Peter Greaves shows how teachers can let go without losing it. This week: Every picture tells a story
I have written in the past about the value a digital camera can bring to the classroom. If I was stranded somewhere with a class to teach, it would be great to have one. If that was possible for just one day however, I would use it on the final day. I hate to have a class move on without a photo of us all together.
If that is true for me then the class photo will I hope, over time, become of value to the pupils as well. Being a control freak of course, I am not satisfied at leaving this completely to chance. I would have no intention of dictating what their feelings should be, but I do feel it's important for them to learn to appreciate significant moments before it's too late and the class photo provides an excellent context for this.
Set the scene by reflecting on some milestones of your own. I've got one of those long school photos that was taken in a semi-circle and needs to be unrolled. It shows about 600 boys, looking almost identical and the class try to guess which one is me. They also like to guess which teachers were OK and which ones were terrors. It's amazing how many they get right!
On to this spark of enthusiasm, I then like to throw the tinder that is photographs of me at different stages of my life: as a cub scout heading off to camp, a young long-haired version during my student days, scrubbed up in a suit on my wedding day. Throw in a few baby photos and you're sorted. I put them in chronological order and tell a story about each one.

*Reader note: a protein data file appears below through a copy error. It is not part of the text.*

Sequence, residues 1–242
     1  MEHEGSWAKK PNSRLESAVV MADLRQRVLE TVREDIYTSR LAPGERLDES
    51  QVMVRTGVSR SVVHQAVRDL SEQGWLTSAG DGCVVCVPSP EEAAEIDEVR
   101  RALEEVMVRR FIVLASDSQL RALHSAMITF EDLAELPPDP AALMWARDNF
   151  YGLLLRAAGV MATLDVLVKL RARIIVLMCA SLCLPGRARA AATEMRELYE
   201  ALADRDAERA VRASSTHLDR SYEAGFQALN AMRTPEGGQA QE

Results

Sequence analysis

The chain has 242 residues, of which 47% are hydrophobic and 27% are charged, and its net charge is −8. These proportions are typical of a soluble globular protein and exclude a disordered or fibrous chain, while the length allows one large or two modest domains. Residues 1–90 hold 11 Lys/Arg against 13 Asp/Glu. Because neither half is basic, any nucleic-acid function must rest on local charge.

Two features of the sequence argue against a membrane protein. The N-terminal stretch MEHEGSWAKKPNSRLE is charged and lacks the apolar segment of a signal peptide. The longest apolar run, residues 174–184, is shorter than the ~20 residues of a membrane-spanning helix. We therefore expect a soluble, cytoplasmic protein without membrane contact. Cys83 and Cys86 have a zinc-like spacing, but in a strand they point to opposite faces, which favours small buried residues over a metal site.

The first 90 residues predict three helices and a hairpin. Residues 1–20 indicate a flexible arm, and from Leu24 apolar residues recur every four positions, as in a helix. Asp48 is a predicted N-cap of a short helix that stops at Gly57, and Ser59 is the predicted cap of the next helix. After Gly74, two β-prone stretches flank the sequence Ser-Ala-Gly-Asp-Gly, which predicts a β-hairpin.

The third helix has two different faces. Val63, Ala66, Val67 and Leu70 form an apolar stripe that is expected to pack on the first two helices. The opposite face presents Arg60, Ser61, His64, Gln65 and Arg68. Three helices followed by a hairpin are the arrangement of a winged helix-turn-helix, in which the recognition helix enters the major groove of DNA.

Then I turn to them. If you look around the office or talk to other staff members, you'll be able to find plenty of photos of your class earlier on in the school. Pass them round and listen as the stories flow. Before long, you can hear the cogs in their little heads beginning to turn, and they're off.
Make space and time over the next few days for them to bring in their photo milestones. Let them tell, write or draw a significant story to go with each and as they do, they'll trace their lives up to the point of the new class photo. Put the photo up and ask them to do the same. Without sharing this time, get them to pick an event from the year that they are sure they will never forget. Once drawn, painted or recounted, this then makes a great display and begins to establish the year as significant to them, something that only hindsight will finish off.
It won't be long before all the lessons, wet plays, playground arguments, productions and endless days are condensed into a few choice memories. The photo will anchor these as they cast their eyes over the different faces that, right now, are so significant to them. And in years to come, a new generation can look at my face and decide OK or terror? I'll let history decide.
Peter Greaves teaches at Dovelands Primary School in Leicester Email: firstname.lastname@example.org